Wisconsin Court Upholds Domestic Partner Registry
MADISON, Wis. -- Gay rights advocates scored a major win Friday when an appeals court ruled Wisconsin's domestic partnership registry was constitutional, but the victory could be short-lived as conservatives pledged to take the case to the Republican-leaning state Supreme Court.
Conservatives had argued the registry bestows a status similar to marriage on same-sex couples and violates a 2006 state constitutional amendment prohibiting gay marriage or anything substantially similar to it.
The 4th District Court of Appeals disagreed. The court noted that legislators who supported the ban repeatedly said it wouldn't prevent same-sex couples from receiving some benefits and went on to list a range of rights married couples enjoy that same-sex couples still don't, including joint property ownership, joint adoption and the ability to share health benefits even after a divorce.
Fair Wisconsin, the state's largest gay rights group, defended the registry in court. Its executive director hailed Friday's decision.
"It demonstrates that Wisconsin really is about trying to treat people fairly," Katie Belanger said. "That's what we believe in. The amendment was an unfortunate setback for equality in Wisconsin. But we still believe caring and committed couples should have legal protections to take care of each other in times of need."
Democratic lawmakers created the registry in 2009. Same-sex couples who join it are afforded a host of legal rights, including the right to visit each other in hospitals and make end-of-life decisions for one another. About 1,800 couples were on the registry at the end of 2011, according to the latest data from the state Department of Health Services.
Members of the conservative group Wisconsin Family Action filed a lawsuit in 2010 claiming the registry created a legal status substantially similar to marriage for same-sex couples and therefore violated the constitutional ban on gay marriage. The case is the first of its kind in the country, Belanger said; no other states have banned gay marriage and anything similar, while establishing a domestic partner registry, she said.
Republican Attorney General J.B. Van Hollen refused to defend the registry, declaring it was clearly unconstitutional. Former Gov. Jim Doyle, a Democrat, appointed private attorneys to defend it, but Republican Gov. Scott Walker fired them after he took office in 2011 because he, too, believed the registry was unconstitutional. That left Fair Wisconsin as the registry's only defender.
Dane County Circuit Judge Daniel Moeser ruled last summer that the registry was constitutional and not substantially similar to marriage.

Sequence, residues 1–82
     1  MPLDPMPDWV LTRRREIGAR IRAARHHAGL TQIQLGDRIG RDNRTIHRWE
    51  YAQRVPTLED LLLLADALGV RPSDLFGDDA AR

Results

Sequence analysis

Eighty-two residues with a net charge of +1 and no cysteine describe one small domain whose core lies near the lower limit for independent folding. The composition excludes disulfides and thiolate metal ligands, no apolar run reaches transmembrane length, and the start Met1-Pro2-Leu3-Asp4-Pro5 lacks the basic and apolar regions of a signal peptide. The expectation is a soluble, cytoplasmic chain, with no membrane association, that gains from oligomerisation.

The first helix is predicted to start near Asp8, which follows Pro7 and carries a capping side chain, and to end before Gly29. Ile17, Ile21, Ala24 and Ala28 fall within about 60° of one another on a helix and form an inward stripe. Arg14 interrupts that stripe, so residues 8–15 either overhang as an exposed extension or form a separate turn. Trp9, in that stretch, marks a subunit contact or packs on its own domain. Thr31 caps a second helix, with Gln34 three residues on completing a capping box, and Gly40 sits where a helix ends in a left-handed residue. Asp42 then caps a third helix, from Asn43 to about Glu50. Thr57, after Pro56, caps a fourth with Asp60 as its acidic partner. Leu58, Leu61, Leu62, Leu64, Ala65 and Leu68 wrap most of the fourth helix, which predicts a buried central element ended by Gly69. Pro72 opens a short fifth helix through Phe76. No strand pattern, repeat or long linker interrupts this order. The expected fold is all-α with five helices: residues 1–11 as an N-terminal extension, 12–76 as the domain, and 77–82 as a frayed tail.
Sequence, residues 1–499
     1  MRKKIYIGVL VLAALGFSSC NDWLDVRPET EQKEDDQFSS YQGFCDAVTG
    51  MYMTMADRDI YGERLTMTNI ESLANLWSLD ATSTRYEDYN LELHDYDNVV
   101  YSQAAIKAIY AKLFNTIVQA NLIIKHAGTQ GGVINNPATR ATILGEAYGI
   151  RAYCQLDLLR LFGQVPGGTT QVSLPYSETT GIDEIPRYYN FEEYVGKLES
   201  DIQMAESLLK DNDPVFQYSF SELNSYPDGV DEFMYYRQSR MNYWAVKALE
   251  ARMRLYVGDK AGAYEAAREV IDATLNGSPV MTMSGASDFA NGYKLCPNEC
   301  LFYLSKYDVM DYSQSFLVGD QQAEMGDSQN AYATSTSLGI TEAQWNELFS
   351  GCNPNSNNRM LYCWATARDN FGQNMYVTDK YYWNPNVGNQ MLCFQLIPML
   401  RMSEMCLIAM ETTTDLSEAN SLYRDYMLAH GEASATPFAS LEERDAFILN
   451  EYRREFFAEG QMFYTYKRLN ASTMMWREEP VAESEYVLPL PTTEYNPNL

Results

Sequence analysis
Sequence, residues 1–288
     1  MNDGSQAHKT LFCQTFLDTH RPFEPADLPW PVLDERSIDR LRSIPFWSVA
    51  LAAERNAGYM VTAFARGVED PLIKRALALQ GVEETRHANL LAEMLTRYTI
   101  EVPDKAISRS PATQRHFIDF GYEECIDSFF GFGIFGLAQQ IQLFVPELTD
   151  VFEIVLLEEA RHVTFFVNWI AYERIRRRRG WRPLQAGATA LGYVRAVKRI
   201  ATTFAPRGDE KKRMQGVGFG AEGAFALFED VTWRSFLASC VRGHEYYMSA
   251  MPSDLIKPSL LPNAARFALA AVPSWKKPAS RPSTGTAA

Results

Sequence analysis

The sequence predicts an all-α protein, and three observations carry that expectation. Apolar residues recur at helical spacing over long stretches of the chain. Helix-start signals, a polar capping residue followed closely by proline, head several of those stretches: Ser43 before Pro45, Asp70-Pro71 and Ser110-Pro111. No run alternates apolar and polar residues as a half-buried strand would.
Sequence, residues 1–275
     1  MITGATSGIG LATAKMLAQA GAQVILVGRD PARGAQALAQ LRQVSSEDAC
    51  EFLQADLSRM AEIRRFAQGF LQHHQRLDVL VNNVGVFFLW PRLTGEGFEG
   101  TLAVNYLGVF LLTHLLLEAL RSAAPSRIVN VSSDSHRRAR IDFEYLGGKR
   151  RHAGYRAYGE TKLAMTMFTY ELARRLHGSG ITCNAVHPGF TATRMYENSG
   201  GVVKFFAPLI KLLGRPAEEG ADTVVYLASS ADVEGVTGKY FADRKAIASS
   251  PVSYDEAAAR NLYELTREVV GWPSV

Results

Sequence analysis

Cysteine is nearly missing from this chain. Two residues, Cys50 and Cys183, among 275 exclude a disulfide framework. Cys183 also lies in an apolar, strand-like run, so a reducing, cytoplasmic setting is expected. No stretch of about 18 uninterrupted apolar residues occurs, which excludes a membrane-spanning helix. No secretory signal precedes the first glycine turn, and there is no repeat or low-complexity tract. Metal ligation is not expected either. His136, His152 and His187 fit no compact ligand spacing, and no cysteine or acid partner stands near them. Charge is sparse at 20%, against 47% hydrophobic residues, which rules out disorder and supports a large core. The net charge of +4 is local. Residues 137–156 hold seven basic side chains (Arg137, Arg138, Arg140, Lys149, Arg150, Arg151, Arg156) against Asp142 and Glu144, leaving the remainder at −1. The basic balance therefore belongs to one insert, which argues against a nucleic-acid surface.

Wisconsin Family Action members appealed. The 4th District tried to send the case directly to the state Supreme Court this past July, calling it a novel constitutional issue with statewide significance. The state's high court, which is dominated by conservative justices, refused to hear the case and sent it back to the appellate level.
Austin R. Nimocks, an attorney with the Alliance Defending Freedom, a legal ministry representing Wisconsin Family Action members, said in an email he would appeal Friday's decision to the Wisconsin Supreme Court.
"The people of Wisconsin recognize that marriage provides a strong foundation for a thriving society," Nimrocks wrote. "That's why they approved a constitutional amendment that specifically protects marriage from all imitators. Politicians and activist groups should not be allowed to get around that."
Belanger said her group has always expected the case would end up in front of the state Supreme Court.
"We're confident given two very strong opinions coming from the circuit court and the court of appeals," she said. "We're very well positioned for a successful outcome."
The appeals court issued a unanimous decision in the case, saying voters believed the gay marriage amendment wouldn't block benefits for same-sex couples, in part because Republicans who sponsored the amendment said as much in news releases and newspaper stories.
Specifically, the court pointed to an op-ed piece published in a University of Wisconsin-Madison student newspaper written by Wisconsin Family Action President Julaine Appling, one of the plaintiffs in the case. Appling said in the piece the marriage amendment wouldn't block legislators from considering some "legal construct ... that would give select benefits to co-habiting adults."
She released a statement Friday saying her group wouldn't give up.
"The people of Wisconsin have strongly affirmed the lifelong, faithful union of a man and a woman as the fundamental building block of civilization," she said. "Our system of government serves no purpose if politicians can ignore the will of the people with impunity."